I worked with a sleep coach; yes, there are such people, and learned that an increase in sleep quantity was closer than I thought. The perspective I brought to my sleep was that going to bed earlier was the prescription I needed. The opposite was the case for me. I needed to go to bed forty-five minutes later and by doing so I would sleep without interruption throughout the night. It was counterintuitive.

I learned two important lessons. The first lesson is that coaches are the fastest way to increased performance and the best way to make performance sustainable. The second lesson is that we are most often closer to our ideal than we can see. When we have a shift in perspective it changes the way we act and respond. By changing the way we act and respond, we change the results we get. Living our ideal day is that simple and shouldn’t be made any more complicated.

Where do you start?

In the previous sections you identified what you love doing, what you’re good at, and what value you bring to your team and organization. You’ve articulated what you believe and what makes you distinctive in the eyes of your most important relationships. And you’ve seen your leadership impact through the eyes of waking up, growing up and showing up. With this backdrop there are three things you need to do in order to live your ideal day. You must reframe your past, reclaim your future and recalibrate your present.

#1. Reframe your past. You have to be able to look at the negative events in your past and say, “it may not have been ideal, but here’s how I’m going to view these events and what I’ve learned.” In choosing to focus on what is positive you become highly resilient and it shapes your reactions and behaviors in positive ways. This can be hard at times, but reframing negative experiences into positive ones is incredibly powerful and within your control.

#2. Reclaim your future. In order to have high hopes for your ideal day there must be hopes, dreams, aspirations or big ideas that have grabbed hold of you and that you have said yes to. Big dreams or aspirations leave us acting like a gambler who goes all in. In that moment the conversation is “under no circumstances will I take no for an answer on this type of personal and professional life in 2018. This is the life I am claiming.” When you live your leadership purpose there’s no way out and there is no backdoor. When you say, “I will accomplish this.” you have reclaimed the idealized day you have in mind.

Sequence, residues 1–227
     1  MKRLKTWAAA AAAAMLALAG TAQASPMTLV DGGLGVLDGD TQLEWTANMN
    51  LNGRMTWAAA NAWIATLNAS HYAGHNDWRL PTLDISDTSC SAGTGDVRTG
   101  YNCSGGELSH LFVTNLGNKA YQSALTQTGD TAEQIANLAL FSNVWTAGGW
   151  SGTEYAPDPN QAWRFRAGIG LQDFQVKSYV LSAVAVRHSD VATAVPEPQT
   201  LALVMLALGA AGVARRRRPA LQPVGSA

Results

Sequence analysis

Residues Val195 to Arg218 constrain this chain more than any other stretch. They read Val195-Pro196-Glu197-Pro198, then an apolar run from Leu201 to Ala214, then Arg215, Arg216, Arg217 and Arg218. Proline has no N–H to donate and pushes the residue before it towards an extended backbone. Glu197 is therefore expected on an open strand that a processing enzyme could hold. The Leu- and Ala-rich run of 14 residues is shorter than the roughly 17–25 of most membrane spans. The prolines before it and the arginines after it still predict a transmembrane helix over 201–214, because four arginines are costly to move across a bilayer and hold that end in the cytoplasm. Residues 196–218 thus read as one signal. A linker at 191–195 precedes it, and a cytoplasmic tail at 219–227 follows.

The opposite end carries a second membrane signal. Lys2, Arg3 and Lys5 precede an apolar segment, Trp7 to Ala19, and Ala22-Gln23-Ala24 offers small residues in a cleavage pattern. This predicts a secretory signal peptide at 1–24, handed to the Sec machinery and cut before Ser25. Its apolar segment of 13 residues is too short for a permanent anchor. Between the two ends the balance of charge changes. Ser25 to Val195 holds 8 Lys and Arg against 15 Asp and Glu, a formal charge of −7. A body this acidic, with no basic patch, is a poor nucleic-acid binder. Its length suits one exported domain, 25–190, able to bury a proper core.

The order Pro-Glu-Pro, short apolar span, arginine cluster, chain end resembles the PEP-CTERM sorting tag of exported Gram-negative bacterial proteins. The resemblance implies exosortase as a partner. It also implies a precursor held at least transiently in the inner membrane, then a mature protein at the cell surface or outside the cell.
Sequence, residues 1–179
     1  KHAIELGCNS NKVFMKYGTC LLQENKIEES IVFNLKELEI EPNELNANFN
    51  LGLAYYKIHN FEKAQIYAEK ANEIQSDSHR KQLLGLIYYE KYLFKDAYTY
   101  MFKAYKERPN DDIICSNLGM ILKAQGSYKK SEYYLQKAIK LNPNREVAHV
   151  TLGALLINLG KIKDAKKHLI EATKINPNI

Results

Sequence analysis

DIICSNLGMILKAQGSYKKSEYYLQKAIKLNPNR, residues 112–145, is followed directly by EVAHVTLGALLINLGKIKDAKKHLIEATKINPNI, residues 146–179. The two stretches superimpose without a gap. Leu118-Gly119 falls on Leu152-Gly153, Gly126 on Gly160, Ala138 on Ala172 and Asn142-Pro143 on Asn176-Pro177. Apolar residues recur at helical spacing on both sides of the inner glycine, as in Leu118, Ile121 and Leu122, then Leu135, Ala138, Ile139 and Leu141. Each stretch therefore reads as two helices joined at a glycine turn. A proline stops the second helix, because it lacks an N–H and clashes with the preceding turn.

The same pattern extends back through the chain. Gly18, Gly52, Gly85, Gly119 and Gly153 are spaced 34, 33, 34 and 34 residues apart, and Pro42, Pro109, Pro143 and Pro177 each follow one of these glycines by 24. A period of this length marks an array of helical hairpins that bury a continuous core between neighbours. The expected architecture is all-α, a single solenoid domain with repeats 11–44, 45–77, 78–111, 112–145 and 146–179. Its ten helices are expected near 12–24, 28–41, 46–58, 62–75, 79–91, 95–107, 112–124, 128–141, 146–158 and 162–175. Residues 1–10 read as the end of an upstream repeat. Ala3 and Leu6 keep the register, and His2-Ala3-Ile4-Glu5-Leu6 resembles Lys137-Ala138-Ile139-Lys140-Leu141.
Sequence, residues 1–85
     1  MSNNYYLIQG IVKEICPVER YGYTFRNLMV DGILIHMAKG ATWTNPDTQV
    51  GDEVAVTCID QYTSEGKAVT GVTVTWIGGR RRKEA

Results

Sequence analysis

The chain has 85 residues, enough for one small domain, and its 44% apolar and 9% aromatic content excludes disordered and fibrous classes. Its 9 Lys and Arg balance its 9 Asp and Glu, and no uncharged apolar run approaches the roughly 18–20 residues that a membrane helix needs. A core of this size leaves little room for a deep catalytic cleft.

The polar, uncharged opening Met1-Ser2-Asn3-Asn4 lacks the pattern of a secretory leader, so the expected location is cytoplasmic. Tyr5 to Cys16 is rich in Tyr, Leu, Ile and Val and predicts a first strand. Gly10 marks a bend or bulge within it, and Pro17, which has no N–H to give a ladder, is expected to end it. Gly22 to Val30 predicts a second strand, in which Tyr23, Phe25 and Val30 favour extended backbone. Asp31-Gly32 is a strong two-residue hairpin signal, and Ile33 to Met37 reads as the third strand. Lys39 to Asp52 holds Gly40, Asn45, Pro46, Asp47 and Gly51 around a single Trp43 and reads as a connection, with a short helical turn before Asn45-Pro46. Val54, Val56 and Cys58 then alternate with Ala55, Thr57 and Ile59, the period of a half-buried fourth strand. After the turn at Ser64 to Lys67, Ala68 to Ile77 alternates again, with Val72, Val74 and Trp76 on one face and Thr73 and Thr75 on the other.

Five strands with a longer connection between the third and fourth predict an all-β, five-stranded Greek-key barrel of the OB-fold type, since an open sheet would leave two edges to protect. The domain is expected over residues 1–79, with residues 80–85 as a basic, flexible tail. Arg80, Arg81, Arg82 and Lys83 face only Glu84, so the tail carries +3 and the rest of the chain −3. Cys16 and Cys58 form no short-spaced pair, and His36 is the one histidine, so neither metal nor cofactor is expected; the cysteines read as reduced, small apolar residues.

3. Recalibrate your present. Recalibrating your present requires discerning what things you should not do again and what you absolutely should do again. This strategy requires recalibrating what worked and what didn’t work over the course of the last year. What was something that accelerated your performance and your sense of satisfaction? What created hope for you, and what created anxiety? Identify the areas of your present that will get in your way and do whatever you can to reduce them or eliminate them. Find those things that are going to help you create greater growth and double down on them.

If you reframe your past, reclaim your future and recalibrate your present you can live your ideal day. But be forewarned. The most revolutionary act you can ever take is to claim your ideal day and to move toward it with faith, confidence and a deep sense of resolve. When you articulate your ideal day it’s essential that you share it with someone you trust and respect. When you share your ideal day and that you are pursuing it, it becomes real and tangible. It doesn’t mean everyday will be ideal, but it does mean the number of ideal days you have will increase appreciably.

The following chapters support all of the work you’ve done so far. In the next chapter specifically, you apply what you’ve learned in ways that are professionally rewarding as well as exciting in their ability to dramatically increase the level of growth you want in revenue, performance and the quality of your personal and professional relationships.